- Analysts told CNBC that Taiwan Semiconductor Manufacturing Co, the world’s biggest foundries including Samsung and Intel, are looking at further hikes in prices.
- Foundries are raising their prices because it is becoming more expensive for them to fund their growing operations.
- Forrester analyst Glenn O’Donnell told CNBC that rising chip prices shouldn’t surprise anyone in the current economic climate, adding that he expects prices to rise by about 10-15%, or roughly 10%. But will be in line with inflation.
According to analysts, products that rely on semiconductors are set to get even more expensive as chip foundries prepare to raise their prices.
Analysts told CNBC that Taiwan Semiconductor Manufacturing Co, the world’s biggest foundries including Samsung and Intel, are looking at further hikes in prices.
“Foundries have increased prices by 10-20% over the past year,” Bain Semiconductor analyst Peter Hanbury told CNBC. “We expect prices to increase further this year, but small (ie 5-7%).”
Foundries are increasing their prices partly because they can, but also because it is becoming more expensive for them to fund their growing operations.
“used in chemistry [chip] Manufacturing has increased by 10-20%,” Hanbury said. “Similarly, the labor required to build new semiconductor facilities has also seen a decrease and wage rates increase.”
TSMC warned customers for the second time in less than a year that it was planning to raise prices, Nikkei Asia told Last Tuesday, citing people gave information about the matter.
The Hsinchu-headquartered firm is reportedly planning to increase its prices by single-digit percentage points. It has cited rising inflation concerns, rising costs and its own expansion plans as the reason for the price hike.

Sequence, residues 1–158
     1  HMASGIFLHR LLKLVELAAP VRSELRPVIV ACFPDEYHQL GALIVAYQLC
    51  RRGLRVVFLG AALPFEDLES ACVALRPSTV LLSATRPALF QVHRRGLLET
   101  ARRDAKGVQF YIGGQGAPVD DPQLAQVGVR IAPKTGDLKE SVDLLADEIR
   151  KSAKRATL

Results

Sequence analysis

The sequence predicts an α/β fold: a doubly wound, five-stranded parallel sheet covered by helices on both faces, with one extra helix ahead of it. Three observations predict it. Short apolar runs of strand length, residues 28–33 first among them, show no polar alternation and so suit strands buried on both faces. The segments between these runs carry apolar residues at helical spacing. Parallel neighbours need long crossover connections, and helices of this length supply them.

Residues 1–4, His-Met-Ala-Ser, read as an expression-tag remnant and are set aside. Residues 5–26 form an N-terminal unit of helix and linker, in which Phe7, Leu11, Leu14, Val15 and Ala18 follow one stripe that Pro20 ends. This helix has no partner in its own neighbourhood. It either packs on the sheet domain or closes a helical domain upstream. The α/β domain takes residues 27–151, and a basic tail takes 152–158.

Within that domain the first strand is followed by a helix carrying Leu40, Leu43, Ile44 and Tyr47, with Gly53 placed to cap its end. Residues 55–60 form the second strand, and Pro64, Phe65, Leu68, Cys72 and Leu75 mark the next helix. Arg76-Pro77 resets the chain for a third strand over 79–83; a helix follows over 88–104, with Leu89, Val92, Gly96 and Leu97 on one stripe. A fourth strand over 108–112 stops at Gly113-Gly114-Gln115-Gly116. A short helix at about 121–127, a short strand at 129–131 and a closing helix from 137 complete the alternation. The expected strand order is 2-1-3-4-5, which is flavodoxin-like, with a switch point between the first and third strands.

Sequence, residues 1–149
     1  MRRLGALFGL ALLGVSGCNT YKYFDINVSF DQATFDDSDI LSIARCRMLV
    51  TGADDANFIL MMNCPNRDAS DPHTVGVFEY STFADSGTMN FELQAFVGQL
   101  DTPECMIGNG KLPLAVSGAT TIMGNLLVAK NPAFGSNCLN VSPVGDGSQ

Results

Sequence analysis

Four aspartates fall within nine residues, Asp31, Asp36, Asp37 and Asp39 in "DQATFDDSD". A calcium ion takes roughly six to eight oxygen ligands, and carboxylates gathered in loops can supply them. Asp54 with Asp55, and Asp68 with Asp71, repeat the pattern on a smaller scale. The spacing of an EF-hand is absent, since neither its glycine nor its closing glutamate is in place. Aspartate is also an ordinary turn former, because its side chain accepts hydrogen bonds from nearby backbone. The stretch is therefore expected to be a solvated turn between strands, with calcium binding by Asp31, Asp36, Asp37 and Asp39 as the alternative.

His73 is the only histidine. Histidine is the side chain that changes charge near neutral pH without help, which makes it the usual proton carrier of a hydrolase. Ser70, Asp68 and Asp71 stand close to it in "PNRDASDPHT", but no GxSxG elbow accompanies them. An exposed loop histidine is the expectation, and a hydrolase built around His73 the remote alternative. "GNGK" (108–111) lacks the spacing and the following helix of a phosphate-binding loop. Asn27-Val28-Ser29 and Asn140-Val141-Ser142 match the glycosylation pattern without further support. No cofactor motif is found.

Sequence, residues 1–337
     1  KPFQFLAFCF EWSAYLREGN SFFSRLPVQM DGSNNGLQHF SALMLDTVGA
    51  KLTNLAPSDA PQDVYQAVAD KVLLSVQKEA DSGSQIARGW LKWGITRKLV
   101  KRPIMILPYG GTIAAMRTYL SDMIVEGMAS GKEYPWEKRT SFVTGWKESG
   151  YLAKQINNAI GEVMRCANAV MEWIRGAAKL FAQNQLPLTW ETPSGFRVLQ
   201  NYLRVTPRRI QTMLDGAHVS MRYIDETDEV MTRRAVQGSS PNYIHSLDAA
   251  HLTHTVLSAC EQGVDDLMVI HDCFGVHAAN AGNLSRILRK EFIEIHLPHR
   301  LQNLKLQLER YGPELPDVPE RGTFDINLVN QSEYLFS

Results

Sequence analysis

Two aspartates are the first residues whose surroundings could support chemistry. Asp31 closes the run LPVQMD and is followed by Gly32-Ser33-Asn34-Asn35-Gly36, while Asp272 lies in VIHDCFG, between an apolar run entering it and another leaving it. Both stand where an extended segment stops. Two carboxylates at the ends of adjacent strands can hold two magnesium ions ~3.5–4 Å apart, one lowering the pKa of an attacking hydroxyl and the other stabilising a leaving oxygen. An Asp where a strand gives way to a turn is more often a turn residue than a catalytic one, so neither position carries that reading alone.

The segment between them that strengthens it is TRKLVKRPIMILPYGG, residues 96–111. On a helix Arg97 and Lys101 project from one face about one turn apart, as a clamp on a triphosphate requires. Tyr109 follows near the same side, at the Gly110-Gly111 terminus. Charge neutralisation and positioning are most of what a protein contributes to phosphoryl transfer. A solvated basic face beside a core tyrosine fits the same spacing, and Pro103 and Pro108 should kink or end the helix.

A TSMC spokesperson told CNBC that the company did not comment on its pricing.
Elsewhere, rival Samsung is set to increase its chipmaking prices by up to 20%, according to a Bloomberg report last Friday. Samsung did not immediately respond to CNBC’s request for comment.
“With the continued shortage of semiconductor chips, manufacturers are able to charge a premium as customers continue to push for secure supply,” Hanbury said, adding that his firm expects shortages to begin on some chips by the end of the year. Will go
Intel did not immediately respond to CNBC’s request for comment.
Forrester analyst Glenn O’Donnell told CNBC that rising chip prices shouldn’t surprise anyone in the current economic climate, adding that he expects prices to rise by about 10-15%, or roughly 10%. But will be in line with inflation.
Over the past two years, the coronavirus pandemic has helped bridge the global chip shortage.
“Chipmakers face their own escalating supply issues that have been exacerbated by the Ukraine war … and demand remains high, while supply is constrained,” O’Donnell said. “Energy prices, including electricity, also fluctuate. Chipmaking requires huge amounts of electricity.”
Despite the acute cost of living crisis, companies that integrate chips into their products may have to begin passing the costs on to consumers.
Hanbury said, “Increased prices for chips will add to the stress for downstream customers, who will either need to pass on these price hikes to their customers, which will be difficult in the current environment, or accept lower profitability.” “
O’Donnell said he expects PCs, cars, toys, consumer electronics, appliances and many other products to be more expensive.
“Margins are already tight on such products, so they have no option but to increase the prices,” he said.
Syed Alam, global semiconductor lead at Accenture, told CNBC that the magnitude of any price increase will depend on the share of semiconductor costs in the overall product cost. It will also depend on the ability of manufacturers to cut costs in other areas and the competitive landscape of each product category, he added.
“Given these factors, products using more advanced chips such as GPUs (Graphics Processing Units) and high-end CPUs (Central Processing Units) are likely to be priced higher,” Alam said.
But demand is beginning to dwindle in some areas and they will struggle to pass these cost increases on to their customers, Hanbury said. “For example, the smartphone market has seen a decrease in demand, so they may not be able to deliver as much of these increases,” he explained.
Credit: www.cnbc.com /